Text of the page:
Avaliação de pegas e sobrecarga dos membros superiores durante o manuseio de caixas : aspectos biomecânicos e perceptuais
Silva, Luciana Cristina da Cunha Bueno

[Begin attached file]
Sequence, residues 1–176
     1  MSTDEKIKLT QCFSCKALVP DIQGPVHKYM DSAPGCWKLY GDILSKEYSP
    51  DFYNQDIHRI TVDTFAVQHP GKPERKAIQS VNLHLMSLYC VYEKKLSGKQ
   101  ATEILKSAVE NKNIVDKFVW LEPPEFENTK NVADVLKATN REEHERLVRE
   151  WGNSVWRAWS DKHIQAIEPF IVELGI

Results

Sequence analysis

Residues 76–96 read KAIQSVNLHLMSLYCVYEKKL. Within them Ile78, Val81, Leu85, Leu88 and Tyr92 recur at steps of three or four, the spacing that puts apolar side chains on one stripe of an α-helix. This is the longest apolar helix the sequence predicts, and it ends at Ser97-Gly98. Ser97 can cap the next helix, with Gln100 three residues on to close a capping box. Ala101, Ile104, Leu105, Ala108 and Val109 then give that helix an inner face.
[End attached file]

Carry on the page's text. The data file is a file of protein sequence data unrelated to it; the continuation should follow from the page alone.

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Manual material handling (MMH) is a common task in occupational environments and has been associated with musculoskeletal disorders at low back and upper limbs. Studies have shown that the correct hand/box coupling can minimize the risks for upper limb disorders, suggesting the use of handles as a way to reduce the physical demand required by the task. However, even when the boxes have handles, the workers not always use them during handling, suggesting the need for new boxes and handles designs. In order to improve the knowledge in this area, this thesis was composed by three studies: the first study was exploratory and the main objective was to descriptively and objectively evaluate how experienced workers performed cardboard boxes handling activities in an industry setting. The range of movements for wrists, forearms and elbows were objectively evaluated through electrogoniometry. The boxes had already received an ergonomic intervention, implemented six months before the data collection. The ergonomic intervention evaluated was the insertion of cutout handles in the cardboard boxes. The main results indicated that the way the worker grasps the box is crucial to the upper limbs movements during handling tasks. Thus, one hypothesis was that the positioning of the hands close to the bottom face would give workers greater control and biomechanical advantage regarding the load. In this sense, the second and third studies were performed. These studies had been carried out both experimentally in a laboratory setting, and followed the same data collection methodology. Inclinometers and electromyography equipments were added to the data collection. The aim of the second study was to evaluate a new prototype cardboard, developed as an alternative design to the one evaluated in the first study. The results showed that cardboard prototypes were resistant for reuse in internal transport, comfortable and safer for wrist and elbow movements, as well had promoted a reduced muscle demand on electromyography activity for wrist extensors and biceps brachii, when compared to the commercial boxes. Considering that the cardboard boxes are limited to the transportation of dried products, it is suggested the need for new boxes designs using other types of materials. In this sense, new plastic prototypes have been developed. The aim of the third study was: to compare the common commercial boxes with plastic prototypes boxes regarding their effect on upper limb posture, muscle electrical activity and perceived pleasantness of volunteers about their perception of upper limbs comfort during handling tasks. The prototypes allowed changes in handle position (top and bottom) and inclination (0 °, 15° and 30°). The prototypes with handles positioned at 30° were positive for the elbow flexion, shoulders elevation and ulnar deviation of the wrists. The results of present thesis showed that the best box to be used depends on conditions such as the type of conveyed material and height of the handling surfaces at the work environments. The evaluated prototypes showed good durability and costeffective, and can be used in industrial environments, especially for internal transportation. The studies have increased our understanding of safer conditions and more comfortable grips, promoted safer movements and required less electrical muscle activity when compared to commercial boxes. In future studies, we suggest that individuals with experience in manual handling tasks were also evaluated and new joints and muscle groups are also evaluated.